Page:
And so on. The guy had a few chronic problems; CHF, COPD, diabetic neuropathy. But his biggest problem was he was just fat and lazy! Someone, somewhere babied him his whole life, then died and left him for us to deal with.
  12. by   kcalohagirl
    I had a VIP last week. 80-something years old, had been a doctor at the hospital for almost 50 years, had taught at the med school.....some dementia, which was definitely worse t night....I had him for two nights, and they were two of the roughest I've had on the floor yet. Every trip into the room was a 30 minute long ordeal, as he would start in on a long story about how wonderful he was and how much he had contributed to the hospital. (I'm not denying that he may have contributed lots, but when I have 3 other patients significantly sicker that should be busier than him, I didn't really have time to hear the lecture.) He also gave off a definite "dirty-old-man" vibe. He told one of the nurses that he had developed a vibrating tampon, of all things. One of our nurses who has been at the hospital 35 years said he had quite the reputation as a lech when he was younger, as well.

    Additionally, we are on a "dedicated" unit. Generallly, our patients are post CABG and post thoracotomy. Generally we don't take off-service patients unless it is an emergency, the patients need telemetry, and there are no other tele beds in the hospital. However, we have two rooms that are about twice as large as the general hospital room, so we do get off service VIPs occasionally. This VIP was here for pneumonia.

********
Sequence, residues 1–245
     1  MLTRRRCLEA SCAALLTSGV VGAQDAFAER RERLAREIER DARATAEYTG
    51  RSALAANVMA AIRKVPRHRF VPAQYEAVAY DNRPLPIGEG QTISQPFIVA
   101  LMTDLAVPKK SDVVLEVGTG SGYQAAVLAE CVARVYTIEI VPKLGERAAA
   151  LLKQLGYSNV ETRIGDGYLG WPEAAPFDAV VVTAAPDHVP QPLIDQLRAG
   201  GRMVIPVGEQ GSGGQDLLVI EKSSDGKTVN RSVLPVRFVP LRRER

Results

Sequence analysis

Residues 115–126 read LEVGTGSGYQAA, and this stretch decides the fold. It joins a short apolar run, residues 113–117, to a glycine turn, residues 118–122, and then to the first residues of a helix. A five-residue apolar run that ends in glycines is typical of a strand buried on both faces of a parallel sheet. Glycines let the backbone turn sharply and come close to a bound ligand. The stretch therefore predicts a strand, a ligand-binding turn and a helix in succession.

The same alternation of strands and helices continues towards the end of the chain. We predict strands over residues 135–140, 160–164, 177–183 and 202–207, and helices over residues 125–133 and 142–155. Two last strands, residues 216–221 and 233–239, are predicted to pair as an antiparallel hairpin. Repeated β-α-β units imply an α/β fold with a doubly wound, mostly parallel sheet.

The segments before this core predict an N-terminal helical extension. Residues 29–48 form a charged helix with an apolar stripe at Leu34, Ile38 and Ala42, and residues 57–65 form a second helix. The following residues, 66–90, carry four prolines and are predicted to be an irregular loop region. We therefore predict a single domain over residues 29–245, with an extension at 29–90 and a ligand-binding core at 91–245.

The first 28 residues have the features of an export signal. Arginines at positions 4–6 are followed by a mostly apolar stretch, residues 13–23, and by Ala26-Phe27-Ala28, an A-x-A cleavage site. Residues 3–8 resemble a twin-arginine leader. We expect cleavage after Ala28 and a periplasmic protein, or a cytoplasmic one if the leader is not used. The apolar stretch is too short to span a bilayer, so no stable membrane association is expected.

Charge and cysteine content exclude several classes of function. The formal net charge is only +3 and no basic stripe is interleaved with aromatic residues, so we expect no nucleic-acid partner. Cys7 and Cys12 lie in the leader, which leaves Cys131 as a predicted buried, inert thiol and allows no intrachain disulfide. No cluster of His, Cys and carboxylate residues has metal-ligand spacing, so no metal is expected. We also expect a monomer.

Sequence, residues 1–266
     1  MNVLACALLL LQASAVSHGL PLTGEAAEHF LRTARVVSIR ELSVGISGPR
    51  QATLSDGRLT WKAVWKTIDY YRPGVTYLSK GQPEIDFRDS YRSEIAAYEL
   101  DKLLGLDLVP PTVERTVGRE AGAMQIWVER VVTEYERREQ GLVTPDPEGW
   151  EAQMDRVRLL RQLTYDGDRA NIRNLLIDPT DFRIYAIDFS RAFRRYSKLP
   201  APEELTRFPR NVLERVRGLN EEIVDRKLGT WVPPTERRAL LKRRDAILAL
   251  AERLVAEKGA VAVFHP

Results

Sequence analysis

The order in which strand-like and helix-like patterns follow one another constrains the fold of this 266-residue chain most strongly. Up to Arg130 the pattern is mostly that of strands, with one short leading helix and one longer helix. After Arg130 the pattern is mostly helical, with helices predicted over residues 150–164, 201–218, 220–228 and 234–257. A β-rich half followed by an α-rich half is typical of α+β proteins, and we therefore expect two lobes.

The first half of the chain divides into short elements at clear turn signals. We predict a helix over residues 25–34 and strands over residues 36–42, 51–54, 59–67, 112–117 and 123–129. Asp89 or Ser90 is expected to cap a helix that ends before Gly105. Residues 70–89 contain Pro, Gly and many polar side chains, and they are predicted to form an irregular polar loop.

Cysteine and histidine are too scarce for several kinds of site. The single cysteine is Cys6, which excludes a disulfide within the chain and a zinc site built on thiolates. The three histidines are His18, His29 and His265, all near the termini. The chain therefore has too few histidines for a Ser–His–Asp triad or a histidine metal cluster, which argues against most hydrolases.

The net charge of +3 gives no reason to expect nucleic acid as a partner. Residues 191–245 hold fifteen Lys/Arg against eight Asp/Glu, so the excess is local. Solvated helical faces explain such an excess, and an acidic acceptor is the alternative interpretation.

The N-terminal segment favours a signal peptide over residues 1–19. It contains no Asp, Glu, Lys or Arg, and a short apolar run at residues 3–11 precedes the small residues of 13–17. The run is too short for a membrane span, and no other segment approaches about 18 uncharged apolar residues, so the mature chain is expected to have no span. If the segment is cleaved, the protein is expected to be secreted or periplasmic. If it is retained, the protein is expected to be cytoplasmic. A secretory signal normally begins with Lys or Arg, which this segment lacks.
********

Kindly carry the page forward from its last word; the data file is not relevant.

I'm going to credit the dementia with some of the crazy demands we got. I won't go into all of them here, but believe me, it was a long two nights. I begged the charge nurse to give me a different assignment the following night.
  13. by   burn out
    This is the time I love to pull out all the post op routine procedures. Yes I will pull your blanket up but lets turn first. Lets get up and walk to the bathroom just in case your bowles have to move again. Time to get oob and to the chair again. Here is your incentive spirometer, this time when you get it to 1000 hold it there for 2 minutes...can't hold it that long? Thats why they call it an incentive spirometer. O.K. I'll give you an ice chip if you cough and deep breathe 10 times. You want to go back to bed well let's take two more trips around the unit. Pretty soon you are the last person the patient wants to see.
    Last edit by burn out on Apr 11, '07
  14. by   crissrn27
    I have had lots of "VIP" moms, usually docs that work at our hospital. Some were great, some were a big PITA. I actually had an OB doc that works with us say, you need to go over all the stuff about the baby in detail, I don't remember alot from my peds rotation!! WTH??? She delivers babies for a livin' and doesn't know anything about them!! Not that I minded going over the info, but it kinda freaked me out that this is my back up for a bad baby in a lot of cases. We also put nurses/docs that work with us in a special room on the GYN floor so they can have a bathroom c shower in their room, and we give free photo packs, I think that is kinda nice, but don't expect special tx!